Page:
Tips on Dealing with Depression in Relationships: Guest Post

Man and woman holding hands looking at a lake on a cloudy day

This guest post on dealing with depression in relationships, either as the depressed or the non-depressed person, comes from Marimeia of Through Anxiety and Beyond. We’ve done a guest post tradesies, and you can read my post about how fabulous all of you are on her blog here.


I have recently been to visit a friend of mine, and I met his girlfriend for the first time. They have been together for about two months. They seemed happy. The next day my friend receives tons of messages from his girlfriend full of anger, hate, and he even received two audios in which she was screaming. He bursted into tears. She accused him for not being caring enough, around enough, supportive enough. And he is, trust me. I did not understand what was happening until he told me she has depression. So then I began to tell him what I know about relationships with someone who has depression, because I have been the one with it while being in a relationship. He understood many things. And I would like you to understand them too, to help you go through this situation if you are in one. By no means I wish to substitute the advice of a professional, rather I want to give you the perspective of someone who went through it.

I would like to make clear that this is not a post about how gentle you need to be with someone with depression. Rather, I want to tell you to be real with them, even if sometimes it sounds harsh. Depressed people tend to not be aware of how much distress they cause in other people, being their pain too deep. It is difficult to deal with this, so my advice is to speak up. If they say something that hurts you and does not feel right, tell them so. Not speaking up equals to let them in ignorance, and this is not going to help them as the situation will not change. Treating them as nothing happened after an outburst will only make things appear as everything is alright, so the depressed person might not understand that in reality they are just pushing other people away.

The second best thing you can do is to understand that it is nothing personal. That is tricky, and it is only natural to feel angry or sad after some harsh words. The truth is that a depressed person feels lonely, so they tend to blame other people to not do enough for them to avoid dealing with themselves, because making changes while depressed is extremely hard. I made an ex parter feel like my happiness depended on them. The result was that they grew extremely anxious and they left me because they could not take such responsibility. I do not blame him, he did the right thing, because from it I realised that happines comes from within oneself, and others can only enhance it.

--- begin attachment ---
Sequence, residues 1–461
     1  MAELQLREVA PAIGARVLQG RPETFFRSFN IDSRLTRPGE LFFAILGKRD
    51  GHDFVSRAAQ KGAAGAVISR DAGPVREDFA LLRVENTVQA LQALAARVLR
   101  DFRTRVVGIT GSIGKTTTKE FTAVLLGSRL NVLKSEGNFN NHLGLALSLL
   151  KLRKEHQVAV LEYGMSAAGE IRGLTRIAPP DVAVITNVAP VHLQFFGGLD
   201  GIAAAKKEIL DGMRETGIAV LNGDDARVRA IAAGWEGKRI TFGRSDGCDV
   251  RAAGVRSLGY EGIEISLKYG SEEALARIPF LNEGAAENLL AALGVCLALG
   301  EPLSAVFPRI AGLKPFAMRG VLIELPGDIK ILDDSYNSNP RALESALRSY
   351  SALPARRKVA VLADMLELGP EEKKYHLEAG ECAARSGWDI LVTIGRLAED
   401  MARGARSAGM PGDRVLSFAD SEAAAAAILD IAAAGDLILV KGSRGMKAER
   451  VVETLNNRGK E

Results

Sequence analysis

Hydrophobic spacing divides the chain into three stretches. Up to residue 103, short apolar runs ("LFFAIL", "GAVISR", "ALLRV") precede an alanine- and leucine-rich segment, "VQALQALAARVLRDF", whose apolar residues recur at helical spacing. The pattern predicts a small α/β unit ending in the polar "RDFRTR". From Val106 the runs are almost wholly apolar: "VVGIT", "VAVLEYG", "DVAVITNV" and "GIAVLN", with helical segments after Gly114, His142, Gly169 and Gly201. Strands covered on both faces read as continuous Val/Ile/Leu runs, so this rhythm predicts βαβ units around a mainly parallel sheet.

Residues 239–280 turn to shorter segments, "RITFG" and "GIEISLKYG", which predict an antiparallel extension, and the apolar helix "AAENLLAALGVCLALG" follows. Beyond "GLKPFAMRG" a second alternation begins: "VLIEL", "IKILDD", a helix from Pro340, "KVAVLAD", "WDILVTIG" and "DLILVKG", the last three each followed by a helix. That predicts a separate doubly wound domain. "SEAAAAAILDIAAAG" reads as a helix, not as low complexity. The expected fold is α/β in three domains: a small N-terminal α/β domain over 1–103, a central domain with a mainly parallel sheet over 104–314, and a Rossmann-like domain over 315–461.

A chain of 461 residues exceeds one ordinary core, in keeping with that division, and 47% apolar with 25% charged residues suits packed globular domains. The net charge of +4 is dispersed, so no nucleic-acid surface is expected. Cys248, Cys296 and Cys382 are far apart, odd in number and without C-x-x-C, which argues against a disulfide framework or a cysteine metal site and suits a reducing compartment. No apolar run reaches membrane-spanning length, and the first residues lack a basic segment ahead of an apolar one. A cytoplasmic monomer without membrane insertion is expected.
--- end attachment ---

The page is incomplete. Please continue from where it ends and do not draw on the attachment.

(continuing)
Another important thing is to not counter attack. When accused, one’s natural reaction is to defend the self and attack the other. While dealing with someone who struggles with depression, it is fundamental to understand that depression comes with guilt. Depressed people feel guilty for being worthless, a burden, useless and all sorts of thoughts that harm their self esteem. An “attack” would only make it worse, validating these feelings. So, instead of saying “your are accusing me of something I do not do so that makes you a liar and incapable to see my efforts”, try to say “I am sorry you feel like this. I believe I am doing my best, but if there is something else I can do, please, tell me”. It is probable that the depressed person would not know what to tell you, because they do not need you to do more, instead, they need to get through that painful situation.

It is important that while dealing with a depressive person you take care of your own mental health. That means that if the situation is letting you down, there is nothing wrong in taking a break. Tell the person you need to recharge, mute them, and take a break. When you feel better you can go back. Tell them that you need some time off to relax. If they feel responsible for it, you can tell them that you are switching off to be more present later on. This also gives the depressive person some time to reflect on their own situation. A friend of mine once decided to get away from me for a while, because I was too much, but she told me that she would come back. She then asked me to not talk about certain topics with her becauseshe cared, otherwise she would have just cut me off.

Taking care of your mental health also means to recognise our limits. I want to tell you that there is nothing wrong in deciding not do deal with the person altogether. It is hard to stay and watch someone suffer, and everyone has a breaking point. If you feel like you have reached it, then you need to prioritise yourself. That is the case of a friend of mine who broke it off with his girlfriend because it was simply too much. She would not show any sign of change after years, so he decided to leave. I saw him changing from being miserable to going back to himself. He told me that now if he will go out with another person and they tell him to be affected by depression, he will be direct and say that he cannot do it because he suffered too much in his previous relationship. Another friend of mine cried in front of me telling me that she felt responsible for the other person. I told her that that was her breaking point and she needed to take action and talk to her boyfriend about her feelings. She had been putting them aside because he is the one with the real problem, she told me. This is wrong, because bottling up feelings leads to suffering. So she decided to speak up and tell him that he needs to change or she would leave. They are now working things out.